Jan. 9, 2001
CDA loan delinquency rate in all-time high
Slowdown in business activities during the past three years had taken its toll on the loan portfolio of the Commonwealth Development Authority which reported on Monday that delinquency rate has gone up to record-high. Although she did not disclose the specific percentage for delinquent loans, executive director Marylou S. Ada said the number of remiss borrowers in the last calendar year has surpassed the 20-percent mark. "It is very high. Delinquency rate was a big problem and we recognized even before that it's going to be a problem because a lot of businesses have closed down and there's too little money circulating around," Ms. Ada told reporters in an interview.
Creation of tobacco settlement trust account pushed
The House of Representatives is expected to vote by this week on the measure establishing a special account to keep money received by the CNMI under the multi-billion dollar tobacco settlement agreement. Health and Welfare Committee chair Rep. Malua T. Peter, author of HB 12-290, said the government needs the legislation to set aside the payments remitted to the islands every year for future appropriation. Peter, along with Ways and Means Committee chair Rep. Antonio M. Camacho, met last week with Finance Sec. Lucy DLG Nielsen to inquire what happened to the more than $800,000 already given to the CNMI since 1999.
Jan. 9, 2002
Adriano: Lift hiring ban but raise minimum wage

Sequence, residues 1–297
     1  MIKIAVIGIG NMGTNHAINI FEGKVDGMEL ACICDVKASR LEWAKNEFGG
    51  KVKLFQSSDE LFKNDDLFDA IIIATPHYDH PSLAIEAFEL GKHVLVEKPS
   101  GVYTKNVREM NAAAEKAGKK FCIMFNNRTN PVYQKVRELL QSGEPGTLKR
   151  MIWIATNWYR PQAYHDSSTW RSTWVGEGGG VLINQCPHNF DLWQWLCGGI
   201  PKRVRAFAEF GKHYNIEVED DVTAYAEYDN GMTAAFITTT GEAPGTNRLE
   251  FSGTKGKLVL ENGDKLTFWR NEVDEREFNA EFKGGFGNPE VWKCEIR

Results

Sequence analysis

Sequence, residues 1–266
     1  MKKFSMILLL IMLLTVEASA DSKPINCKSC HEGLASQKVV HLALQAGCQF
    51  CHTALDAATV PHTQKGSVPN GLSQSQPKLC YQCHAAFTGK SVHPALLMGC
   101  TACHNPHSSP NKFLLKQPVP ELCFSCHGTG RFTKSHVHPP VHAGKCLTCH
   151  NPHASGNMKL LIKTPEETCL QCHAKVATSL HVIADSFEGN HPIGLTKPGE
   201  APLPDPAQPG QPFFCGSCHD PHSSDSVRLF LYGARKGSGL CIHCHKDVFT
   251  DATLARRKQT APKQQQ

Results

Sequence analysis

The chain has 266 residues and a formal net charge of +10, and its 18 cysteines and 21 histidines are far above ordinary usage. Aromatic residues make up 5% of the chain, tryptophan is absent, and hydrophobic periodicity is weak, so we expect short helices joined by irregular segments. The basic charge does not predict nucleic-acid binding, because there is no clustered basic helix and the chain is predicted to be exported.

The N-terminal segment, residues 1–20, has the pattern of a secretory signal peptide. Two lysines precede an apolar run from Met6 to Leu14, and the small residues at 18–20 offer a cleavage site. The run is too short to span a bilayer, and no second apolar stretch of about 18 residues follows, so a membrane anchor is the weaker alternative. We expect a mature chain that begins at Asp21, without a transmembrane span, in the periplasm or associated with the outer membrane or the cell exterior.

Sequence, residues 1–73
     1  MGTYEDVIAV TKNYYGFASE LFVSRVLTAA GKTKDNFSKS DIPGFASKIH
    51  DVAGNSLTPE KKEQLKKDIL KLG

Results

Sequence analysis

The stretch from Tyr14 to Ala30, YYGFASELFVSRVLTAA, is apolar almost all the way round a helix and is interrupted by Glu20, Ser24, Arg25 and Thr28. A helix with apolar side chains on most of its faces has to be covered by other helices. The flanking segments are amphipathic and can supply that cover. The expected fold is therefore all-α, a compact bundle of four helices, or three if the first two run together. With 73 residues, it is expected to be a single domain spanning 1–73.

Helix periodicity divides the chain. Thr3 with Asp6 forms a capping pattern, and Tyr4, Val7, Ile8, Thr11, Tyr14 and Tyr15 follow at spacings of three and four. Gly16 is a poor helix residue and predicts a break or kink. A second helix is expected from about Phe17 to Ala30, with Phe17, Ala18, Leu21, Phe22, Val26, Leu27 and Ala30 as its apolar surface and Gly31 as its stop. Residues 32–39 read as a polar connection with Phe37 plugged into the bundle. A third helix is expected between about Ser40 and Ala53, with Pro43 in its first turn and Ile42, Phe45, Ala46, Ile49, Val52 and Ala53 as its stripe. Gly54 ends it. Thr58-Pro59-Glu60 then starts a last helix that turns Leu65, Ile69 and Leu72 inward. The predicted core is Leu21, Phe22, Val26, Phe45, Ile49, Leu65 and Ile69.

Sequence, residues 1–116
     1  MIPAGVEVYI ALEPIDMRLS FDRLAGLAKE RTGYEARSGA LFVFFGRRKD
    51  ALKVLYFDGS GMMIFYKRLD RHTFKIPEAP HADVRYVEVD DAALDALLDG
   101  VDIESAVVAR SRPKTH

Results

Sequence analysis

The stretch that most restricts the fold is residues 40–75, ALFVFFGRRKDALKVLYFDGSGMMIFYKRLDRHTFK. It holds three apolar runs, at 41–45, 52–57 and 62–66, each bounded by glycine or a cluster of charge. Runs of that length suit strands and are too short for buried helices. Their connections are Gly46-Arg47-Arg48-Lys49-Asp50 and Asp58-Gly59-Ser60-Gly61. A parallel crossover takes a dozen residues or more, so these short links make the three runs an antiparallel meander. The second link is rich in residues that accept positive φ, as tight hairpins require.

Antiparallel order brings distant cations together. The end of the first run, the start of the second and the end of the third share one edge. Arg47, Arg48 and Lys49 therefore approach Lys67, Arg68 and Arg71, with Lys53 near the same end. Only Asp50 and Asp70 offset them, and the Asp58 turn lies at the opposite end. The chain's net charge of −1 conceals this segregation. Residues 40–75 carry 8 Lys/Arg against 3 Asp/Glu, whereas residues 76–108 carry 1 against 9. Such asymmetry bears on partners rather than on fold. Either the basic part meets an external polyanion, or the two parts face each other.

Sen. Joaquin G. Adriano says he will support the lifting of the moratorium on the hiring of nonresident workers, provided that certain conditions are met. Adriano, who will be the Senate Floor Leader in the 13th Legislature, said the ban on the hiring of new nonresident workers-Public Law 11-6-may be lifted on the condition that the CNMI minimum wage is raised to US mainland standards. “The minimum wage should be raised to somewhere around $4.10 to $4.25 per hour. In that way, we can attract our own people to go and work in the private sector,” he said. Currently, the CNMI’s minimum wage is pegged at $3.05.
Inauguration fever hits Capital Hill
Six days before the inauguration day and preparations are in now full swing, with ground zero-the executive and legislative buildings-being decked out in their Sunday’s best. The smell of fresh paint and Pine-Sol hangs in the air as workers go over the insides and outsides of both buildings with new coats of paint. Windows that have accumulated grime are being washed clean and restored to their original sparkling selves. Both upper and lower chambers are a mass of jumbled chairs and tables and cables, with the installation of new light brown carpets and gallery seats.
Jan. 9, 2003
NMIRF halts new investments
The NMI Retirement Fund has already stopped infusing new money into its international investments pool, forced as it is to take this action as the government’s debt to the Fund nears the $100-million mark. With no new money being injected into investments, this could seriously jeopardize the Fund’s capacity to be in the black by 2020-the deadline set by its charter to achieve self-sufficiency. Fund administrator Karl T. Reyes disclosed these concerns, saying all the money that the Fund currently derives from premium payments and other sources of revenue all go out to pay off pension checks and other obligations to vendors.
Female-headed families low in NMI
The number of female-headed families in the Northern Marianas remains relatively low compared to the national level, according to a recent report based on Census 2000 data. The report-Children of the Commonwealth of the Northern Mariana Islands: Results of the 2000 Census-disclosed that about 17 percent of families with children in the CNMI were headed by female householders in 2000, lower than the national level of 22 percent. However, the total number actually increased in 2000 compared to the 1990 tally, which translates to about 1,106 female-headed families throughout the Commonwealth in 2000 from only 465, or 12 percent, in 1990. Population experts said that the structure of family has important implications for children.